Volume 17, Number 44 | March 24 - 31, 2005

Theater

Offering up the good stuff

Star of ‘Little Women’ talks about putting out the positive

By Art Swift

For singer/actress Maureen McGovern, now starring in the musical “Little Women” on Broadway, her music has never been just a way to sell records – it’s also a way to ease and heal ailments.

“I can’t tell you the letters I’ve gotten over the years that say they use ‘The Morning After’ on a looptape through surgery,” McGovern, 55, said in her dressing room at the Virginia Theater recently.

“The Morning After,” recorded in 1972, is the fiery redhead’s signature song, a number one single and Academy Award-winning theme from the disaster epic, “The Poseidon Adventure.” Most pop songs have a limited shelf life – the few lucky ones endure on oldies radio stations. Yet “The Morning After” provided a way for McGovern to make a significant impact on people’s lives.

The letters flooded in when she began singing the hit annually in 1979 on the Jerry Lewis Muscular Dystrophy Telethon. And she discovered what she calls “the life-affirming power” of the song when her own niece was diagnosed with a form of muscular dystrophy 14 years ago.

Because of her connections with the Muscular Dystrophy Association, McGovern was able to get her niece the best specialists and her niece’s affliction is in remission now, something that wouldn’t have been possible if diagnosed just a few years earlier, she said. But that first year her niece was sick, McGovern had a life-changing experience singing “The Morning After” at the telethon, one that shaped what she calls “the next chapter of my life.”

“I could barely get through it, when I sang the song. And that was my ‘a-ha’ moment. It’s like, this is what people get from this and it went full circle. It never reached my heart in a way like it had for others until I sang it that time.”

Since that performance, McGovern began a charitable foundation named the “Maureen McGovern Works of Heart Foundation for Music and Healing” and has recorded an album, “Works of Heart,” featuring songs with positive lyrics, she said.

“I don’t think there’s a good balance in things now, and so much of the music is negative or violent, even, and meaningless, to be truthful. There has to be a counterbalance to that. I think what you put out in the world comes back. And people who are sick, patients, need anything positive that they can get.”

“We’re all water and vibrations,” McGovern observed. “And so we respond to music in a very profound way. When I do a concert I always do something off-mike and acapella. And you can feel the entire room breathe with me. It’s an astounding experience.”

It is at those moments, she said, that she knows music has therapeutic powers. Her goal is to record an entire series of albums that are for pediatric oncology patients, Alzheimer’s sufferers, and those in mourning.

Speaking of positive, that’s just what she was on a recent matinee day for “Little Women.” Between performances, McGovern was alternately resting and attending to her foundation’s work. Standing radiant in a room filled with roses, chamomiles and carnations, she is thrilled to be back on Broadway for the first time since 1989 when she did “The Threepenny Opera.” She shows off her framed photos of zebras in a room adorned with ornamental flags which include Buddhist symbols for kindness and Balinese celebratory flags.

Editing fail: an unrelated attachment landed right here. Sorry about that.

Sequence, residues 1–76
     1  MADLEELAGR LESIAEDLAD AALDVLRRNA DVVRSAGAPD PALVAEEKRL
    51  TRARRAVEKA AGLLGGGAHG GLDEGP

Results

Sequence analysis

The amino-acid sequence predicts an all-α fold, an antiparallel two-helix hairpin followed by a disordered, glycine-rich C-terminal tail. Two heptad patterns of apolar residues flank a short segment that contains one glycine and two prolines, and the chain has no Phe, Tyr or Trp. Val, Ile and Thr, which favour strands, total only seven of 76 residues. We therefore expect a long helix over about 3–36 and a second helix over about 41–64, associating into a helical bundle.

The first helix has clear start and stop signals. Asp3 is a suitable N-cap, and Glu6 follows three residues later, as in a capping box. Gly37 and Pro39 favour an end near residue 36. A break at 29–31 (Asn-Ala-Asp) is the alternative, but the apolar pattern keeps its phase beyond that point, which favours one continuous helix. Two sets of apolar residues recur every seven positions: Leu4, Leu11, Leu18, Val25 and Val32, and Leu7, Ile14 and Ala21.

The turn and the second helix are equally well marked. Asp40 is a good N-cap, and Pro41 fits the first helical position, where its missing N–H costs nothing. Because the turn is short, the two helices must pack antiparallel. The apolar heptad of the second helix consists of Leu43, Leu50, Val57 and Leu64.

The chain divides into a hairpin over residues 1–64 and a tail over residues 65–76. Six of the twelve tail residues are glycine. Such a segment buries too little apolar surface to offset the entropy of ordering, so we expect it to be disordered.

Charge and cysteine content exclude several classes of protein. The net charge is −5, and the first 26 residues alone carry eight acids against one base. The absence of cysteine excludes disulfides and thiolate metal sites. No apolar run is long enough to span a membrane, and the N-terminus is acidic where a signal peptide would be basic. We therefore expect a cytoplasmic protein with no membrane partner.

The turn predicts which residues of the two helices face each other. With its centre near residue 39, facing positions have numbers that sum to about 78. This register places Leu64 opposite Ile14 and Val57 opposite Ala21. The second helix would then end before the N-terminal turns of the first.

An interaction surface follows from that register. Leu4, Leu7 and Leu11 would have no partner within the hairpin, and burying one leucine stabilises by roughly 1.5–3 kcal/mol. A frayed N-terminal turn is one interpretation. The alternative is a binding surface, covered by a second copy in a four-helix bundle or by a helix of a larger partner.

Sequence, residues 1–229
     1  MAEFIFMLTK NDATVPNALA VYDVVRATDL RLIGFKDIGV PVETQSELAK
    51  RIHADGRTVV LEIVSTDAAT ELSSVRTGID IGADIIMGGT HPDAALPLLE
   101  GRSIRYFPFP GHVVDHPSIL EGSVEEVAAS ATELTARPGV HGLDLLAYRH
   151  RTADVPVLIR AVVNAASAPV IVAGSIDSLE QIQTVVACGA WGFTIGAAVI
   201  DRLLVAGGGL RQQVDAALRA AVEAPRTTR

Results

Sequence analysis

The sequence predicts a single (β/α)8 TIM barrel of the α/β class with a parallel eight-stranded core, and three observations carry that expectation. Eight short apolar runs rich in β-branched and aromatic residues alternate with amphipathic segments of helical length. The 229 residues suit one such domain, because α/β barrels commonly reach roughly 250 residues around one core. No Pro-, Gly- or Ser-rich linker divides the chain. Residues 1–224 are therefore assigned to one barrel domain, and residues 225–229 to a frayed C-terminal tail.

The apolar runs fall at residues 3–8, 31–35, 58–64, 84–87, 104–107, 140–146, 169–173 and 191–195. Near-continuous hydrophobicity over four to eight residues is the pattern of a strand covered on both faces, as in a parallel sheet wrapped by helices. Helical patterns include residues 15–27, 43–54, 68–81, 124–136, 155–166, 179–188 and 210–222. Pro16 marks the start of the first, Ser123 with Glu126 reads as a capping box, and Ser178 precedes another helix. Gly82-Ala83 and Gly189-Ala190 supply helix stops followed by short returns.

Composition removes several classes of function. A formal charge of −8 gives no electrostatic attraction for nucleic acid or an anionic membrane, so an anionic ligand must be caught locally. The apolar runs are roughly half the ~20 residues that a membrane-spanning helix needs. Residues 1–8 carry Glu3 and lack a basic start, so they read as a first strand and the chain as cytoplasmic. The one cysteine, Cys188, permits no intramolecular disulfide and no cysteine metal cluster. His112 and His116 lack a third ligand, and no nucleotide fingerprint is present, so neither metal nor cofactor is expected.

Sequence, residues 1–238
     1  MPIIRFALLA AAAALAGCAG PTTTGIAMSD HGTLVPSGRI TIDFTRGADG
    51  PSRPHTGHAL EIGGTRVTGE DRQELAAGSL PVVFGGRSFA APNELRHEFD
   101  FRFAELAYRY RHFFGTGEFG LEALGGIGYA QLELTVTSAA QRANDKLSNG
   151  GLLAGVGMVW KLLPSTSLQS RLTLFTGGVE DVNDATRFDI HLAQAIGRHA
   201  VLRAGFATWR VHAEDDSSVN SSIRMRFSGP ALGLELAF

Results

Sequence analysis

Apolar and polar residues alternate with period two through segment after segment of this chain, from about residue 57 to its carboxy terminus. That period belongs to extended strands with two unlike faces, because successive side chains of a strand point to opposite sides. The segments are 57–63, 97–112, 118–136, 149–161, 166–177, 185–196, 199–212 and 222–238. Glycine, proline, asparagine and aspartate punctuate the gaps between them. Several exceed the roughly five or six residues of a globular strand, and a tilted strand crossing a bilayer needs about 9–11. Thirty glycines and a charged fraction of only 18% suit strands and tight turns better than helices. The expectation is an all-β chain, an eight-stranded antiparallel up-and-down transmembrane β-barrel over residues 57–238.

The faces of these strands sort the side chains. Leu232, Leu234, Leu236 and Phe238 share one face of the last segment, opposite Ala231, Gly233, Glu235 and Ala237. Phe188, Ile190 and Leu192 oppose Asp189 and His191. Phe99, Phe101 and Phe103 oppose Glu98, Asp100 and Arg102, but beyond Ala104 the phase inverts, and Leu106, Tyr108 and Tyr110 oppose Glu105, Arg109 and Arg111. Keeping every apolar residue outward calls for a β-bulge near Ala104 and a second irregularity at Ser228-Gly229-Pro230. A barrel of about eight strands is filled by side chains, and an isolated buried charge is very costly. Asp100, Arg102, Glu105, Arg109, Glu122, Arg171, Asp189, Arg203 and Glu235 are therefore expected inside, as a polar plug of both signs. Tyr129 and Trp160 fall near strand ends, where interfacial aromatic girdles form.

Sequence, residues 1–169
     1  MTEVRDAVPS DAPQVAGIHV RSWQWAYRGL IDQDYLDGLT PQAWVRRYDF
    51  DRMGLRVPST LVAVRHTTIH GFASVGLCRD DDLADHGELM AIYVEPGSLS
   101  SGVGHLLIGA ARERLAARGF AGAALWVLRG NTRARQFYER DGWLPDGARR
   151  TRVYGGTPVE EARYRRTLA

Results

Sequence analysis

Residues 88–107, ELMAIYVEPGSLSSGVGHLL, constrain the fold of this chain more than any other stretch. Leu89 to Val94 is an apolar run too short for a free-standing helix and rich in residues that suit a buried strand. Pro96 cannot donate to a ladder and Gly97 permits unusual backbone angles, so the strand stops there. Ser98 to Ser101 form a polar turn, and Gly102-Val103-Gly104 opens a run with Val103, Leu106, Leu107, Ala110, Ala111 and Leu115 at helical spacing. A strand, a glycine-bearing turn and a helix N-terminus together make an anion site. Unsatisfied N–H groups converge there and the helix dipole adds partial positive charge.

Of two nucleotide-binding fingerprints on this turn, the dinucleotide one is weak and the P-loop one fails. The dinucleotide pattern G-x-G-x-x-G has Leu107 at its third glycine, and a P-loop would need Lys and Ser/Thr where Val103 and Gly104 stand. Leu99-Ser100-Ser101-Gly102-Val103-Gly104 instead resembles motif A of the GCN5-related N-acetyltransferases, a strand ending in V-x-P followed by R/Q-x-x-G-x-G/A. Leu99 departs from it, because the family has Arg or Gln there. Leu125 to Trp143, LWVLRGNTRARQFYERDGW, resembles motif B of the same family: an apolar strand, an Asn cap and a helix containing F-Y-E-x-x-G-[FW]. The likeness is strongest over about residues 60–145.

“I’ve loved zebras, since I was a child. They have such a sense of whimsy and symmetry. I went to Africa seven or eight years ago and got to see so many zebras. I don’t believe in wallpaper; I like to have things from my life,” said McGovern.

McGovern is originating Marmee, the mother of Jo (Tony Award - winner Sutton Foster) and her sisters, in the adaptation of the classic book by Louisa May Alcott.

“What I love about Marmee is her compassion, her strength, her vulnerability, the juxtaposition of both, which you see in Jo and all the other girls, and her humor. She’s a wonderful character.”

The character of Marmee in the musical has been expanded from what can be found in Alcott’s novel or even in the several film versions. McGovern has two solos and does a good bit of acting, primarily with Foster, who snagged the Tony in 2002 for “Thoroughly Modern Millie.”

“Sutton is amazing,” McGovern exalts. “She has a laser beam focus, so she is always present. A delight as an actor to work with. She is the driving force in this piece. When the train leaves the station, she’s the engine and off we go.”

The current ad campaign for “Little Women” trumpets the show as something mothers can take their daughters to. McGovern, who divorced around the time of “The Morning After” and has never remarried, herself has no children. She says she is devoted to her extended family who live in far-flung parts of the country, including her native Ohio.

For now, though, McGovern, who calls Los Angeles home but has a pied a tiere here in Manhattan, is committed to “Little Women” until June and is open to staying longer.

“As long as I’m having a good time, and I’m having a good time now.


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